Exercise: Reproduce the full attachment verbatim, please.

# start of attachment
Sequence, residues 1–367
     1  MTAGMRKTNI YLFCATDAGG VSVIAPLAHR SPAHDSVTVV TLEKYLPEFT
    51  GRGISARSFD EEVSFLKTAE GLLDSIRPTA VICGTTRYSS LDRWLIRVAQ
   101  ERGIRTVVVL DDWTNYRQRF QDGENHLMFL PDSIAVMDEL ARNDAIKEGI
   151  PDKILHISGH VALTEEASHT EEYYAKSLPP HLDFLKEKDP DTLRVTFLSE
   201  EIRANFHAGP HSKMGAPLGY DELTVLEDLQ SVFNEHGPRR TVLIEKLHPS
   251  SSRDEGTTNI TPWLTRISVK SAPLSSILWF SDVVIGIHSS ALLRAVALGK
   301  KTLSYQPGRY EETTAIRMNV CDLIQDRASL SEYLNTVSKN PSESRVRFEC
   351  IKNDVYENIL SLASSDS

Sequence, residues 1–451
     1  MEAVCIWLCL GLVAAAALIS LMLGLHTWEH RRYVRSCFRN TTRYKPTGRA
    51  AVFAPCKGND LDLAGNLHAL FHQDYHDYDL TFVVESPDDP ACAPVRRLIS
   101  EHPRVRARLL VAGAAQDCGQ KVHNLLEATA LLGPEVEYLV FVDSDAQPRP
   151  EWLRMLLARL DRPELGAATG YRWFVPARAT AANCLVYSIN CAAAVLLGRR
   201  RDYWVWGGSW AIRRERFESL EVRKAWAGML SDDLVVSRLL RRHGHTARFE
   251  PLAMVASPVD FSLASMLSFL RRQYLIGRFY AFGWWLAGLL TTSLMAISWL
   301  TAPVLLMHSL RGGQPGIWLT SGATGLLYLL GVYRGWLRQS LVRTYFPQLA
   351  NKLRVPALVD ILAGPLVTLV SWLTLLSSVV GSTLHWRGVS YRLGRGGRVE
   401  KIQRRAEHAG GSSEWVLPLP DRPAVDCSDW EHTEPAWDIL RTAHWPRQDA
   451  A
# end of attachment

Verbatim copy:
Sequence, residues 1–367
     1  MTAGMRKTNI YLFCATDAGG VSVIAPLAHR SPAHDSVTVV TLEKYLPEFT
    51  GRGISARSFD EEVSFLKTAE GLLDSIRPTA VICGTTRYSS LDRWLIRVAQ
   101  ERGIRTVVVL DDWTNYRQRF QDGENHLMFL PDSIAVMDEL ARNDAIKEGI
   151  PDKILHISGH VALTEEASHT EEYYAKSLPP HLDFLKEKDP DTLRVTFLSE
   201  EIRANFHAGP HSKMGAPLGY DELTVLEDLQ SVFNEHGPRR TVLIEKLHPS
   251  SSRDEGTTNI TPWLTRISVK SAPLSSILWF SDVVIGIHSS ALLRAVALGK
   301  KTLSYQPGRY EETTAIRMNV CDLIQDRASL SEYLNTVSKN PSESRVRFEC
   351  IKNDVYENIL SLASSDS

Sequence, residues 1–451
     1  MEAVCIWLCL GLVAAAALIS LMLGLHTWEH RRYVRSCFRN TTRYKPTGRA
    51  AVFAPCKGND LDLAGNLHAL FHQDYHDYDL TFVVESPDDP ACAPVRRLIS
   101  EHPRVRARLL VAGAAQDCGQ KVHNLLEATA LLGPEVEYLV FVDSDAQPRP
   151  EWLRMLLARL DRPELGAATG YRWFVPARAT AANCLVYSIN CAAAVLLGRR
   201  RDYWVWGGSW AIRRERFESL EVRKAWAGML SDDLVVSRLL RRHGHTARFE
   251  PLAMVASPVD FSLASMLSFL RRQYLIGRFY AFGWWLAGLL TTSLMAISWL
   301  TAPVLLMHSL RGGQPGIWLT SGATGLLYLL GVYRGWLRQS LVRTYFPQLA
   351  NKLRVPALVD ILAGPLVTLV SWLTLLSSVV GSTLHWRGVS YRLGRGGRVE
   401  KIQRRAEHAG GSSEWVLPLP DRPAVDCSDW EHTEPAWDIL RTAHWPRQDA
   451  A